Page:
#7 magic612

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Posted 16 October 2013 - 09:43 PM

The thought of not being safe while driving on unresponsibly lit but crumbling roads and bridges, dark but def stirs emotions. Everyone can agree its better to switch off some lights and use that money to rebuild our infrastructure.


This is an interesting thought; juxtaposing images of bridges that have collapsed while showing overlit areas that are glaringly bright is an interesting idea to keep in mind. Maybe something to that.... good thought.


I think some sort of "friendly neighbor" slogan would get to some people. Lighting not only affects the property owner but his or her neighbors. Properly shielded lighting can mean happier neighbors (no light trespass = better sleep, etc.)

Unfortunately light trespass is so widespread that it isn't even seen as a problem....[it's seen as] normal because it's just always been that way, instead of asking the question "why is a light meant to illuminate the street shining into my house?" I sometimes complain about the streetlight that shines onto my house and people will just say to put up black-out curtains :confused: People just don't care. This is a great thread that brings up an excellent point. How do we get normal people to care about something like this?


Well, that's why I'm asking the question. I wonder what language we can use that will get people's attention in a way that is constructive, but pull at an emotional thread so that they WILL remember it.



Recent studies show that strong emotions do not work with cognition - in fact the opposite: people cannot think clearly on topics where they hold opinions strongly enough to trigger their emotions.


That's a different topic. I agree that when people are emotionally overloaded they don't have good cognition skills. That's entirely different than creating a marketing idea and words that cause an emotional reaction in someone to move them to action.

Almost no one buys a new car because they NEED one. They buy it because they WANT it. That's emotion over logic. In fact, that's basic sales (read "How to win friends and influence people" or "How to master the art of selling" if you don't believe me), and that's really all I'm saying. I'm not at all suggesting we work to get people so mad they can't think straight. I'm saying, for example, to get someone to think, "Hey, that IS wrong that there's a streetlight shining in my kid's window... and there's something I can do about it too? Good... maybe I will, because I can find information to help me." That's why I made this other thread, for example.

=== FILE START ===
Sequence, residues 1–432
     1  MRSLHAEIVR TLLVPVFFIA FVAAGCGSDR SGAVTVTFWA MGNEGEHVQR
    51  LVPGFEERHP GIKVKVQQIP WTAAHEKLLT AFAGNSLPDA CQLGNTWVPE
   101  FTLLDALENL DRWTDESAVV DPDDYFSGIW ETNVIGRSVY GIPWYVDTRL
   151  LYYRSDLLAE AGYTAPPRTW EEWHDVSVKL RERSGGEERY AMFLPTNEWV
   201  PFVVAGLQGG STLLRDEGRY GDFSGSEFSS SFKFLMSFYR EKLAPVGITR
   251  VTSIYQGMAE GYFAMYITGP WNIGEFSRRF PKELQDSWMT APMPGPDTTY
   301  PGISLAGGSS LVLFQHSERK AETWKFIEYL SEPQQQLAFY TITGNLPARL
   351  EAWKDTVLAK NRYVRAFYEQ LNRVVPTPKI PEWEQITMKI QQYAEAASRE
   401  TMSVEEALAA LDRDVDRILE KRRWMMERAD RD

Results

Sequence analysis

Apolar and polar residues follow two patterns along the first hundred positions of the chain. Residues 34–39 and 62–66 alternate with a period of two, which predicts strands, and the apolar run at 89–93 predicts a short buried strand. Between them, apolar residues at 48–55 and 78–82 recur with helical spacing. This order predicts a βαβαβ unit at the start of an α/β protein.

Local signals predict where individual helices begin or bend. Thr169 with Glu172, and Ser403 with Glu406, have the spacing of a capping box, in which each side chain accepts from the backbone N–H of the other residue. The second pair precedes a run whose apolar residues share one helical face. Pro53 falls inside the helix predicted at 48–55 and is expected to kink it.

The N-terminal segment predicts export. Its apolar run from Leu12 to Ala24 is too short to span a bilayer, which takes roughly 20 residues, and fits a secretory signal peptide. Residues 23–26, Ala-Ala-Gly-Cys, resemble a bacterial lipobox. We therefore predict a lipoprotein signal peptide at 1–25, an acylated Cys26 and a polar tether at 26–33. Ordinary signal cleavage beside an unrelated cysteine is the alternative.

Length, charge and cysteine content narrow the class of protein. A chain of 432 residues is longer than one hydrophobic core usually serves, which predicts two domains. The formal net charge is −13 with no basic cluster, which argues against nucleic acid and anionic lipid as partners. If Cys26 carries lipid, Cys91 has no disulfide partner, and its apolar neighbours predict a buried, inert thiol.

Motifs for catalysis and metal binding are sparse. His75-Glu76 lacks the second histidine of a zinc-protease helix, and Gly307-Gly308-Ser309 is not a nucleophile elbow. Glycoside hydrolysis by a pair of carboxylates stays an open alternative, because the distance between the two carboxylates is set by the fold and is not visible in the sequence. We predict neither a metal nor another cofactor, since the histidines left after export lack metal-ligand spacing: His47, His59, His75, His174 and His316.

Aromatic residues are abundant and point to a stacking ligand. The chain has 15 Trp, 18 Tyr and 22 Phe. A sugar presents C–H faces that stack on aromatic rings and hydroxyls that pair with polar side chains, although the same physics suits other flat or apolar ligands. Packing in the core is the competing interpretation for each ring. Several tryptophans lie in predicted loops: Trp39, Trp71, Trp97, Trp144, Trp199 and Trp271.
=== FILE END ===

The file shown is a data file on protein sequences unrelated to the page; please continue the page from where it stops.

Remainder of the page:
What I'm referring to here is getting someone to an emotional reaction that invites a positive response (in a sales/marketing kind of way), not sloganeering on a TV shoutfest. Those are entirely different things. Let's please keep this on the former point, not the latter one - nor conflate the two as being the same. Thanks.

#8 derangedhermit

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Posted 16 October 2013 - 11:37 PM

The other thread shows you have been patient and polite in your interactions with all the locals involved. "Good on ya", as Australians may still say.

Enforcing your own (excellent IMHO) chosen behavior patterns on others, once you get them roused, and in the face of less-than-respectful responses, may prove difficult.

Best wishes in your efforts.

#9 magic612

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Posted 17 October 2013 - 07:54 AM

Enforcing your own (excellent IMHO) chosen behavior patterns on others, once you get them roused, and in the face of less-than-respectful responses, may prove difficult.


As I discovered with my rather intransigent neighbor, it was more a matter of ME being roused and finding myself becoming increasingly frustrated by the continual stonewalling I received from him. But that's also why I ask the question: What language can we use? What did I overlook in that particular situation? What could I have said differently? Perhaps nothing; and indeed, that particular problem may very likely require intervention at the local political level to produce results (and then that may rouse him after all, and not positively).

But my point remains: We can use language to sway people's opinions, and often in ways that run counter to instinctive fallback reactions. What we need to do is (and I hate using this phrase because it's so overused, but it's appropriate) is to create a new paradigm with respect to lighting. And in so doing, what language can we use that makes people have an emotional reaction, and stop and think, "Yeah, that IS the right thing to do?"

They may not take action right away. But if we have changed their mind, it is shifting the paradigm.

For example:

What if we had a campaign of, I don't know, a short YouTube video. Perhaps it showed someone dealing with light shining into their window, even after they have put up light-block curtains. In other words, they've already done their part, but this light keeps them awake. If we point out that studies are showing this light is related to breast and prostate cancer, those who have been affected by those types of illnesses will have an emotional reaction. They will realize, "Hey, there's a connection between these two things!" And we can then provide a quick education about how simple this can be to fix: A shield over a light, a fixture that aims down, a light with a timer, or motion sensor.